I was all set to write a preview of the potential Serena Williams/Justine Henin rematch and talk about all the variables that go into that rivalry, but a very quiet and calm Australian had different ideas today. When Sam Stosur took the court against Henin in their fourth round encounter, the partisan French crowd rooted for the Belgian as if she were a native. But it wasn’t enough to help Henin deal with the work Stosur put on the ball as well as her composure that allowed the Australian to hand Henin her first defeat in six years on the red clay of Paris in a 2-6, 6-1, 6-4 win that is probably the biggest of Stosur’s career.
Stosur, even with her semifinal run last year in Paris, was always considered one of the best all-court players in the game but somewhat mentally fragile especially in big moments. When she and Henin met in the finals of Stuttgart a month ago, Stosur seemed to be in control of that match but lost the thread and let Henin back in to seal the win. Many expected a tough match today, but the consensus was Henin would find a way to creep into Stosur’s head at the big moments. But that didn’t happen. Instead it was the work and spin Stosur put on the ball in the heavy and cold court conditions that got into Henin’s head instead.
Case in point. During an early game of the second set when Stosur hit a kick serve that Henin got back but then slipped on the court giving the point to Stosur, Henin got up, but then threw her racquet down in disgust which showed that the moment was getting to her. That rare display of anger from the usually steel-eyed Henin proved that Stosur was very much in the match. Stosur helped herself by consistently going for her favorite forehand which accounted for almost two-thirds of her 26 overall winners. What impressed me about Stosur was how her forehand was almost “Nadal-like” in the way it forced Henin almost to the backboard in their rallies.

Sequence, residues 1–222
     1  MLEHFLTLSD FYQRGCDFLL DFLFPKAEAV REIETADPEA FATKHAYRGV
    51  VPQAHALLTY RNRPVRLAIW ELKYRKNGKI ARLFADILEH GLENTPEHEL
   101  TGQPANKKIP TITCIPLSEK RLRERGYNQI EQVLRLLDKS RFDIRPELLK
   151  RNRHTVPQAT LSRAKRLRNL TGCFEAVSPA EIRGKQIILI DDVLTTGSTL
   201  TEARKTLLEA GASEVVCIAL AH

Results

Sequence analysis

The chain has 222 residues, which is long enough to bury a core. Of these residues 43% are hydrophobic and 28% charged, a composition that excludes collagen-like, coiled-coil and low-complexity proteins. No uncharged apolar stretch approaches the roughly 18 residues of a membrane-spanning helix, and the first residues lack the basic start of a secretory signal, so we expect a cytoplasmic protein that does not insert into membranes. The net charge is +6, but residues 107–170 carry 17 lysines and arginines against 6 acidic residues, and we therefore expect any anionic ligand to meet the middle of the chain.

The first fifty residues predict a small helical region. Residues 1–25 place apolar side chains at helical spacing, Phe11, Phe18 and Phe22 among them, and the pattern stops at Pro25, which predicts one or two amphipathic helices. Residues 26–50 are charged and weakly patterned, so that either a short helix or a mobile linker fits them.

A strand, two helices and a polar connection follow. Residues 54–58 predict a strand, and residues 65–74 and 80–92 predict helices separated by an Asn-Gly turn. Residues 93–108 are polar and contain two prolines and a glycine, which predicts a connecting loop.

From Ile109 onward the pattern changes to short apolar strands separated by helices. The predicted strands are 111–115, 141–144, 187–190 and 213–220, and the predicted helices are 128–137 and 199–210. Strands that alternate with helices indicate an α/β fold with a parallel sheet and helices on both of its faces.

Once Stosur got it to a third set, things got a little tight for the Aussie when, after going up an early break, she tossed in two double faults to give it right back to Henin. But Stosur kept up her intense backcourt game going and it was Henin who found it hard to keep up eventually handing Stosur the break back at 4-5. Stosur kept using her trademark kick serve to Henin’s backhand forcing the Belgian well off court. When the Australian hit a final overhead to close out the match, she appeared amazed at her victory but she shouldn’t have been considering the smart tactics she used all match.
In their press conferences, Henin talked about not being at her best due to the back to back matches she had to play. One can interpret that as they wish, but Stosur’s own comments on how she stayed focused throughout were more telling. “I guess that’s the goal, is try to stay calm and not get frustrated or too emotional at any point in time in the match. But it’s not always easy to do. But today I thought I handled the situation well, especially at that moment when I got the lead and then lost it again. You know, I was fighting it, but I was able to stay in control. I think that’s definitely what helped me win the match.”
Stosur’s next opponent in the quarterfinals, top seed Serena Williams, had rare praise for Stosur saying, “You can never underestimate anyone, and Sam is actually a wonderful clay court player. I think she proved that last year, and this year I think she’s only lost twice on the clay. So she’s someone you can’t overlook. She has a good chance to go all the way.”
Whether or not Stosur goes all the way probably has a lot to do with how Williams approaches their match next round. But win or lose, Stosur’s victory today confirms her status as one of the tour’s biggest stars. As for Henin, she can finally commit to the one Grand Slam, Wimbledon, that has alluded her. If her loss today helps her in that goal remains to be seen, but she must know that her title as the best clay court player in the world must be shared, at least today, with a quiet girl from Queensland.